Now, I'll give you a bad example:
Ragad's fire-mage ability makes him the perfect candidate to travel to Tristana's capital Dalen to petition the king for aid after the vicious centaur attack on his village of Tillia. While he's there his lover, Silika, is captured by centaurs. Ragad, together with Atuid the Bard, track the centaurs to Fatmatta, a village racked with political unrest, where he is mistaken for an assassin and jailed. After a daring escape he stows away on a Maanei boat, where mermaids give him a magical amulet that will defeat the centaurs. Meanwhile Atuid has come under the spell of the evil Wizard Garrad who controls the centaurs. When Ragad finds Silika he discovers the Centaur King is his own father, enchanted by Garrad. Atuid knows that if the centaurs don't leave, their magic will tear apart Tristana. Will Ragad use the amulet to destroy his father in order to save the kingdom?
It's only 150 words. It still has many of the same elements as the pitch above – the centaur attack on the city, Silika's kidnapping, the political unrest – and yet it is not successful. There are too many characters (Ragad, Atuid, Garrad, Silika, Centaur King) and too many place names (Tristana, Dalen, Tillia, Fatmatta, Maanei). This query gives us no sense of the characters or places. There is no emotional conflict, and this story sounds boring.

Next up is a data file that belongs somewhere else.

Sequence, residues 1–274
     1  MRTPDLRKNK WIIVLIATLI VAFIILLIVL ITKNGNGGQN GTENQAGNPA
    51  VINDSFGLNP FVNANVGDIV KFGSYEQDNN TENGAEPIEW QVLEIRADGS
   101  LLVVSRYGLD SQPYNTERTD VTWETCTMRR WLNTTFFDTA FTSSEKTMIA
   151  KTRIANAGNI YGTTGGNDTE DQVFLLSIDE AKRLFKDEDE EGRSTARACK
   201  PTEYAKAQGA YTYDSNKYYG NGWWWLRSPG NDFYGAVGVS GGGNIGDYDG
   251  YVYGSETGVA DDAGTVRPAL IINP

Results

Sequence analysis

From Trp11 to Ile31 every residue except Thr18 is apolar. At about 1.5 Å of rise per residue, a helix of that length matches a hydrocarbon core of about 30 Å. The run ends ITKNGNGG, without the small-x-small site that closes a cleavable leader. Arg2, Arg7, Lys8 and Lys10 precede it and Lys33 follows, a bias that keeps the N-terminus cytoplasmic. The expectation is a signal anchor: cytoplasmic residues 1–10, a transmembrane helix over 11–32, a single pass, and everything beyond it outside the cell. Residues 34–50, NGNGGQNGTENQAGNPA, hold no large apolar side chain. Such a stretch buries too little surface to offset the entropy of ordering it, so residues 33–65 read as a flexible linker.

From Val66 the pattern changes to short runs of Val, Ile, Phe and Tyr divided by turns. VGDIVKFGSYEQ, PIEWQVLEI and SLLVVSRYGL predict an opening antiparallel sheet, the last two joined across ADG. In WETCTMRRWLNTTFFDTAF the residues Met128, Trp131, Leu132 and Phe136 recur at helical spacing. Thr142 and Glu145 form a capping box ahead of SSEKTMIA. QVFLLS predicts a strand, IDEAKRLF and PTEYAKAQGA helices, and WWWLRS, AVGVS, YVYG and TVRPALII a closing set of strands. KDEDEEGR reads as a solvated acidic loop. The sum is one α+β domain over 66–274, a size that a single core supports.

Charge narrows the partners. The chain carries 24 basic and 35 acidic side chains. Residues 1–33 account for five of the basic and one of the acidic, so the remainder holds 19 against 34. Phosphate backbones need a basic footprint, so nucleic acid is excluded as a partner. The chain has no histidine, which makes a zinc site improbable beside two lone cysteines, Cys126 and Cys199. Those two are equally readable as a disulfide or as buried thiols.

The author has rushed to bring the reader to the climactic story question (Ragad's use of the amulet) and, in doing so, has attempted to summarize 100 000 words of manuscript into 150 words. No wonder it doesn't work. By concentrating on the first 30-50 pages of the book and hinting at the story to follow, the author can create a much more convincing hook.
This method won't work for every author and every book, and there are many successful published authors who wrote queries much like the second example above. But the market for fantasy is becoming tougher every day. It takes practice and the right techniques to create successful queries. By using the above technique, would-be authors are well on their way to writing interesting hooks that stand out in the slush-pile.
There is no such thing as a moral or an immoral book. Books are well written, or badly written. That is all.